@inject(HttpClient, Authentication ) export class FetchConfig { constructor(httpClient, authService) { this.httpClient = httpClient; this.auth = authService; }

configure() {
    this.httpClient.configure(httpConfig => {
                headers: {
                    'Accept': 'application/json'


So, basically a default Accept header is added and a request interceptor is injected. 'tokenInterceptor' can be found in authentication.js and is responsible for adding the bearer token to each request message making use of the default Http Client.

get tokenInterceptor() {
    let config = this.config;
    let storage =;
    let auth = this;
    return {
      request(request) {
        if (auth.isAuthenticated() && config.httpInterceptor) {
          let tokenName = config.tokenPrefix ? `${config.tokenPrefix}_${config.tokenName}` : config.tokenName;
          let token = storage.get(tokenName);

      if (config.authHeader && config.authToken) {
        token = `${config.authToken} ${token}`;

      request.headers.append(config.authHeader, token);
    return request;


So, this behavior is executed automatically when the HttpClient is configured as explained in 'Configure the Fetch Client'.

Now, what if we don't want this to happen for all Http request we make or imagine we have multiple end points and some of them do not require authentication.

The solution is very simple and based on standard ES 2016 OO techniques: derive a custom Http Client.

In aurelia-auth-sample we can find following custom Http Client:

import {HttpClient} from 'aurelia-fetch-client';
import {inject} from 'aurelia-framework';
import 'isomorphic-fetch'; // if you need a fetch polyfill
import {AuthService} from 'aurelia-auth';

@inject(AuthService) export class CustomHttpClient extends HttpClient { constructor(auth) { super(); this.configure(config => { config .withBaseUrl('http://localhost:4000/') .withDefaults({ credentials: 'same-origin', headers: { 'Accept': 'application/json', 'X-Requested-With': 'Fetch' } }) //we call ourselves the interceptor which comes with aurelia-auth //obviously when this custom Http Client is used for services //which don't need a bearer token, you should not inject the token interceptor .withInterceptor(auth.tokenInterceptor) //still we can augment the custom HttpClient with own interceptors .withInterceptor({ request(request) { console.log(Requesting ${request.method} ${request.url}); return request; // you can return a modified Request, or you can short-circuit the request by returning a Response }, response(response) { console.log(Received ${response.status} ${response.url}); return response; // you can return a modified Response } }); }); } }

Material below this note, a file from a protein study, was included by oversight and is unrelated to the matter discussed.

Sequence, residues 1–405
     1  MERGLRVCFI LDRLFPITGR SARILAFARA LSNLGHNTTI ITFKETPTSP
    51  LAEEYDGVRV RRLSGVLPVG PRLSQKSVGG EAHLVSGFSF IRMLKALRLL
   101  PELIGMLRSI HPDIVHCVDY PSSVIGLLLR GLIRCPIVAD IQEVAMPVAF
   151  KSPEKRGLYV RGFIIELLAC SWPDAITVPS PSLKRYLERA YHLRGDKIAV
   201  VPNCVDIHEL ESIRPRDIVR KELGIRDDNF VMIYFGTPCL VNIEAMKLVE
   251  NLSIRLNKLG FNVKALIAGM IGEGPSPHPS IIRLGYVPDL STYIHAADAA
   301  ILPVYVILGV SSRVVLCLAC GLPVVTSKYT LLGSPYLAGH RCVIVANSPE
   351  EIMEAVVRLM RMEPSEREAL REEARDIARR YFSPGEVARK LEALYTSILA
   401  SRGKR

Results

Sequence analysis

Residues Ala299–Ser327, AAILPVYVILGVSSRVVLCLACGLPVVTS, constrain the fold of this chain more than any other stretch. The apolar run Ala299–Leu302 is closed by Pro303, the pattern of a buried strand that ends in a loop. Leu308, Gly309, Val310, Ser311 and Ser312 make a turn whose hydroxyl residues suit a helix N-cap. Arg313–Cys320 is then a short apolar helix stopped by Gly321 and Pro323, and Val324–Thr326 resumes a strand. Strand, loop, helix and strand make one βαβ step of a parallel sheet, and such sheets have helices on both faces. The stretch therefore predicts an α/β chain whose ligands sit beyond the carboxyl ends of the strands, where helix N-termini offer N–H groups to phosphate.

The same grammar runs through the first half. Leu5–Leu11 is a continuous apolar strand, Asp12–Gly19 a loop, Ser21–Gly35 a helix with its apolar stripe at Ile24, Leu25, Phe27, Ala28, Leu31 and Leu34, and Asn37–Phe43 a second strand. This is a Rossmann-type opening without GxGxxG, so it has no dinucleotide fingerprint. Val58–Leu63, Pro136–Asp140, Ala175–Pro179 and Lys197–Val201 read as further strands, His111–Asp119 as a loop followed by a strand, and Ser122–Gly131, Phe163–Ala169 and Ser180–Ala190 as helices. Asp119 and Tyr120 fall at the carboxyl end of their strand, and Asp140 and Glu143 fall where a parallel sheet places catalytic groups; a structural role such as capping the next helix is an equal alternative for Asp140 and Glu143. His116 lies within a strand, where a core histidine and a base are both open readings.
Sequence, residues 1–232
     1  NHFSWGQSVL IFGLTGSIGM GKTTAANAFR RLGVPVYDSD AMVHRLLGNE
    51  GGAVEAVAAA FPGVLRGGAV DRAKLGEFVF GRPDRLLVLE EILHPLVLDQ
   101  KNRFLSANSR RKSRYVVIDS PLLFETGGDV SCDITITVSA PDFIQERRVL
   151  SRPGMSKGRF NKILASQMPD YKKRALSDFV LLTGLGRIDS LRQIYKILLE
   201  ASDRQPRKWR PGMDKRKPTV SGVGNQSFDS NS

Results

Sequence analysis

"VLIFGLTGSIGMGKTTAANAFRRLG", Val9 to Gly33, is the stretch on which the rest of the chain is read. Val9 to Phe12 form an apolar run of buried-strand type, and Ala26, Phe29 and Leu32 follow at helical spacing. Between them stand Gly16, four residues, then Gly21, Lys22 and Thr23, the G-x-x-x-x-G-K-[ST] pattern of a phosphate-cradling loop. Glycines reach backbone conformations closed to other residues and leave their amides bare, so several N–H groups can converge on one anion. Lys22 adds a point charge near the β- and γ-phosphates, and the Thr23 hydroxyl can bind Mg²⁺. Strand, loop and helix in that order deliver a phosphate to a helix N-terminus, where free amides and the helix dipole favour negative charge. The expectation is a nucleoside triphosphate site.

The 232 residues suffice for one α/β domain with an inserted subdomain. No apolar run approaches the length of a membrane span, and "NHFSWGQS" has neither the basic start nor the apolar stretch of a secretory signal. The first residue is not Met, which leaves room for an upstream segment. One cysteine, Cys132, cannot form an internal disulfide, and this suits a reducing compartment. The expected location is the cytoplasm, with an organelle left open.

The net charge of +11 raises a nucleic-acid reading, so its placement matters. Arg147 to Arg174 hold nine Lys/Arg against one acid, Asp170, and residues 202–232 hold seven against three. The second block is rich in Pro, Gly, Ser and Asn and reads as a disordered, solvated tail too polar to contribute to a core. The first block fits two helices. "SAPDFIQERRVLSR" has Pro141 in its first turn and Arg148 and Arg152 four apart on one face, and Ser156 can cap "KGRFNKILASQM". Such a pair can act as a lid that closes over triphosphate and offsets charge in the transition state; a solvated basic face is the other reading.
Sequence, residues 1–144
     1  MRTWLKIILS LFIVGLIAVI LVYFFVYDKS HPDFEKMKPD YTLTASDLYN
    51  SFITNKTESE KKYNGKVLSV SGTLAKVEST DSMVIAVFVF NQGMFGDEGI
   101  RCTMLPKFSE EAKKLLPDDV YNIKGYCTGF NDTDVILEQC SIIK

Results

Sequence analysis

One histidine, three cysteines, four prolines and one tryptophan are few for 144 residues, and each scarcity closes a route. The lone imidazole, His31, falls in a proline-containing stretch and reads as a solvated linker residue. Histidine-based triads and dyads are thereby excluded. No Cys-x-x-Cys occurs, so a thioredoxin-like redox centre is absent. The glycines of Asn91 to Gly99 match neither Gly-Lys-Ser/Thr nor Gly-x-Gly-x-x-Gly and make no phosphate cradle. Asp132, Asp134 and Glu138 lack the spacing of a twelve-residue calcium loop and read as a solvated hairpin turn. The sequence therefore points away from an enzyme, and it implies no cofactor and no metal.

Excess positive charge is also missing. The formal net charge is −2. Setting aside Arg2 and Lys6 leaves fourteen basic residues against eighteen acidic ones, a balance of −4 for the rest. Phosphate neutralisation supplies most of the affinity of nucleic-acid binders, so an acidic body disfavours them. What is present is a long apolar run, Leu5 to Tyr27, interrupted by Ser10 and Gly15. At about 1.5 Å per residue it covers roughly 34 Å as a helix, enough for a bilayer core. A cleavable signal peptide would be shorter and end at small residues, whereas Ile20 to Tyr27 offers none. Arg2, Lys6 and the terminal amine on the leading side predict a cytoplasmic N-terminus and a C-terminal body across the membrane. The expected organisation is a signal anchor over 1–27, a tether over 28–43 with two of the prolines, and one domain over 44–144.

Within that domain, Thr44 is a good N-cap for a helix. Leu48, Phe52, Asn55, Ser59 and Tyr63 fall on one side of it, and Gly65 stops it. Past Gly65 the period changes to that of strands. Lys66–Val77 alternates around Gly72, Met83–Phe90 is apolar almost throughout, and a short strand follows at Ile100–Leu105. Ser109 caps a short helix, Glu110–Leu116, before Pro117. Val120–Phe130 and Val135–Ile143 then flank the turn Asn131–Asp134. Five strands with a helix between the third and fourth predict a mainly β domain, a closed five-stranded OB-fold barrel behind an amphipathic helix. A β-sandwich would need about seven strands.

We use a simple ES 2015 OO technique: inheritance via the extends keyword. So, the above custom Http Client uses its own headers and baseUrl and has its own interception logic. Note, that you can still use the aurelia-auth standard interceptor for adding the bearer token.

As you can see, no specialised aurelia plugins needed for supporting multiple endpoints !

We can consume this custom Http Client as follows:

import {inject, useView} from 'aurelia-framework';
import {CustomHttpClient} from './customHttpClient';
import 'isomorphic-fetch'; // if you need a fetch polyfill
export class Customer2{
  heading = 'Customer management with custom http service';
  customers = [];

url = 'api/customer';

constructor(http){ this.http = http; }


return this.http.fetch(this.url) .then(response => response.json()) .then(c => this.customers = c); }


Provide a UI for a login, signup and profile.

See aurelia-auth-samples for more details.

Button actions are passed to the corresponding view model via a simple click.delegate:


          Sign in with Google

The login view model will speak directly with the aurelia-auth service, which is made available via constructor injection. ```js import {AuthService} from 'aurelia-auth'; import {inject} from 'aurelia-framework'; @inject(AuthService)

export class Login{ constructor(auth){ this.auth = auth; };

heading = 'Login';

email=''; password=''; login(){ return this.auth.login(, this.password) .then(response=>{ console.log("success logged " + response); }) .catch(err=>{ console.log("login failure"); }); };

authenticate(name){ return this.auth.authenticate(name, false, null) .then((response)=>{ console.log("auth response " + response); }); }

} ```

On the profile page, social media accounts can be linked and unlinked. For a nice UI experience, use if.bind for either showing the link or unlink button:


     Unlink Facebook Account

     Link Facebook Account

Making the Aurelia Router authentication aware